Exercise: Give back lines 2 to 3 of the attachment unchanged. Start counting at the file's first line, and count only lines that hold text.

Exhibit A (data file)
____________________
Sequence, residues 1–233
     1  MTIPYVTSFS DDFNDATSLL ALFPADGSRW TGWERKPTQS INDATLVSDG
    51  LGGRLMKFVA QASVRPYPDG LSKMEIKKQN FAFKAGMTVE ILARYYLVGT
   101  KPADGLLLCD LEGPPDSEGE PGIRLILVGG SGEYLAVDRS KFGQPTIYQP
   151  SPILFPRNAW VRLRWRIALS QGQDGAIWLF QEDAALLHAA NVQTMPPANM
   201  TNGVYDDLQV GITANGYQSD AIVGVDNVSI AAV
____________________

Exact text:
     1  MTIPYVTSFS DDFNDATSLL ALFPADGSRW TGWERKPTQS INDATLVSDG
    51  LGGRLMKFVA QASVRPYPDG LSKMEIKKQN FAFKAGMTVE ILARYYLVGT